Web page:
Sir Iqbal Sacranie, head of the Muslim Council of Britain, will not be charged over allegedly homophobic remarks made in a BBC radio interview, police say.
Sir Iqbal Sacranie made the comments in a 3 January broadcast
Police investigated comments made on Radio 4's PM programme after a complaint from a member of the public.
Earlier this month, he told the programme he believed homosexuality was "not acceptable".
A Met Police spokesman said there would be no further action "on the advice of the Crown Prosecution Service".
Following the programme, in which Sir Iqbal also denounced same-sex civil partnerships as "harmful", officers said they would examine the remarks to see if an offence had been committed.
Speaking about civil partnerships, Sir Iqbal told the 3 January programme: "It does not augur well in building the very foundations of society - stability, family relationships. And it is something we would certainly not, in any form, encourage the community to be involved in."
He said he was guided by the teachings of the Muslim faith, adding that other religions such as Christianity and Judaism held the same stance.
Asked if he believed homosexuality was harmful to society, he said: "Certainly it is a practice that in terms of health, in terms of the moral issues that comes along in a society - it is. It is not acceptable."
"Each of our faiths tells us that it is harmful and I think, if you look into the scientific evidence that has been available in terms of the forms of various other illnesses and diseases that are there, surely it points out that where homosexuality is practised there is a greater concern in that area."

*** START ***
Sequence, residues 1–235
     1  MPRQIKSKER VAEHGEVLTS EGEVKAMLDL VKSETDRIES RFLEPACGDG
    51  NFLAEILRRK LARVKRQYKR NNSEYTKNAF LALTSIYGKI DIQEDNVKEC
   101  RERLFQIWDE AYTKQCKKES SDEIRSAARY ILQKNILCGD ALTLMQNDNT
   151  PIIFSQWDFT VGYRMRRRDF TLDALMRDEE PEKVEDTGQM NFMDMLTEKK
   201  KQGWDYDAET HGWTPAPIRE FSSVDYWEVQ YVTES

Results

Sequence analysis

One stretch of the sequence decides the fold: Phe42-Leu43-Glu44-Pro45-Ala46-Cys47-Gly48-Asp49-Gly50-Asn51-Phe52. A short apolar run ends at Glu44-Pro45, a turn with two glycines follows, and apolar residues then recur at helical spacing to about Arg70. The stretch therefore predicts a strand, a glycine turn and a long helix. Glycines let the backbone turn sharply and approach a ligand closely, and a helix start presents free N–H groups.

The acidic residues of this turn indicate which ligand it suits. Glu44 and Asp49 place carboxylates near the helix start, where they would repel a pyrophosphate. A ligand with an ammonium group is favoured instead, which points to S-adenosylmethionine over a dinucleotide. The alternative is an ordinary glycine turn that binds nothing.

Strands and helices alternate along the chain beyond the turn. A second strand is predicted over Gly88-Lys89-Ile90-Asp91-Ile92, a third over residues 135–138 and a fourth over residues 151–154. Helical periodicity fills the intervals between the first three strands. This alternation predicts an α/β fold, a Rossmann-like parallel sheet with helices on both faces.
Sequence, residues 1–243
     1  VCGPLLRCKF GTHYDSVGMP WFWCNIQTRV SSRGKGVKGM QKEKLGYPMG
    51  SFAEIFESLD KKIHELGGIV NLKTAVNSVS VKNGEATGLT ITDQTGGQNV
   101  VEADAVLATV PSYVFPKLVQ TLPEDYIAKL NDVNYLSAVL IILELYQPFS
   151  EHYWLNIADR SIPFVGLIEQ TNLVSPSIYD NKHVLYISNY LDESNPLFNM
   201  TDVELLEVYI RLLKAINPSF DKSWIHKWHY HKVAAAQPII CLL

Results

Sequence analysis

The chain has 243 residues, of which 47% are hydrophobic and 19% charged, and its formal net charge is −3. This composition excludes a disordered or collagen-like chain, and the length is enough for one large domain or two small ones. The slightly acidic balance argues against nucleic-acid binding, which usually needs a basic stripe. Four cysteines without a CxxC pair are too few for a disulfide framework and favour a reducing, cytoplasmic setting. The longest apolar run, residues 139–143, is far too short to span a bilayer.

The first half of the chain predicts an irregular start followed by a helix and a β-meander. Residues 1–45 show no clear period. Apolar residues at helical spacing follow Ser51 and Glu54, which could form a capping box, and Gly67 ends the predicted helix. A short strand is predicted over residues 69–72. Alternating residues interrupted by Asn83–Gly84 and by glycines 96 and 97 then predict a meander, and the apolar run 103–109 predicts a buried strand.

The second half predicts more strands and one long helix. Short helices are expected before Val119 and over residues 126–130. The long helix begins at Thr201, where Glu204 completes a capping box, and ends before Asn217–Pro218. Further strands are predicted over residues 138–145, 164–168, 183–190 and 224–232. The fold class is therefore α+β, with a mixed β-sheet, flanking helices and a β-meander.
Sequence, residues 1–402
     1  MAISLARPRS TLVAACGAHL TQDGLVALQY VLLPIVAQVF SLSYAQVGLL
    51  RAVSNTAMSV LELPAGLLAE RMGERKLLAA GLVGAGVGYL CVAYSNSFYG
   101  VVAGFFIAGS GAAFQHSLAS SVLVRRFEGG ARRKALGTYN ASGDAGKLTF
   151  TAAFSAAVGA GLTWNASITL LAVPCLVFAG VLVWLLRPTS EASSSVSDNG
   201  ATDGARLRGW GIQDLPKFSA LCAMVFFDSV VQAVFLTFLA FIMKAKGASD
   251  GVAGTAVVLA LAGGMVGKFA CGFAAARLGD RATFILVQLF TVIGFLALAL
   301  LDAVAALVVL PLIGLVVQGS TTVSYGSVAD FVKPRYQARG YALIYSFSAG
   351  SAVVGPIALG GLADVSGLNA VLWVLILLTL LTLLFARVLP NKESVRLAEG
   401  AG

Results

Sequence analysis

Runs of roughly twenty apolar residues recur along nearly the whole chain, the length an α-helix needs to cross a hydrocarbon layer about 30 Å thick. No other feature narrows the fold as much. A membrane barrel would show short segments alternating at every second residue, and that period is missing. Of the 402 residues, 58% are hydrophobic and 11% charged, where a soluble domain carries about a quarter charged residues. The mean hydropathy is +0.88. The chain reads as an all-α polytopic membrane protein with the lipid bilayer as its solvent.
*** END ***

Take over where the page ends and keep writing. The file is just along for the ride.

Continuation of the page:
He said everyone in society should be tolerant, and if they are not happy then engage in the democratic processes to give their views.
"We may not be happy with the views being expressed by others. But the difficulty comes in that at the end of the day we are human beings."
He said both the opponents and supporters of civil partnerships had the right to speak out.
The Muslim Council of Britain said it was "naturally very pleased" by the police decision.
"To be honest, we thought it somewhat surprised when we heard that Sir Iqbal was being investigated by the police for merely articulating the mainstream Islamic viewpoint about homosexuality.
"We believe it is very important for faith leaders like Sir Iqbal to uphold the integrity of the family unit and underline its role in strengthening society."
After the interview was broadcast, Peter Tatchell, of gay rights group OutRage!, said it was "tragic for one minority to attack another minority".
"Both the Muslim and gay communities suffer prejudice and discrimination," he added.
"We should stand together to fight Islamophobia and homophobia."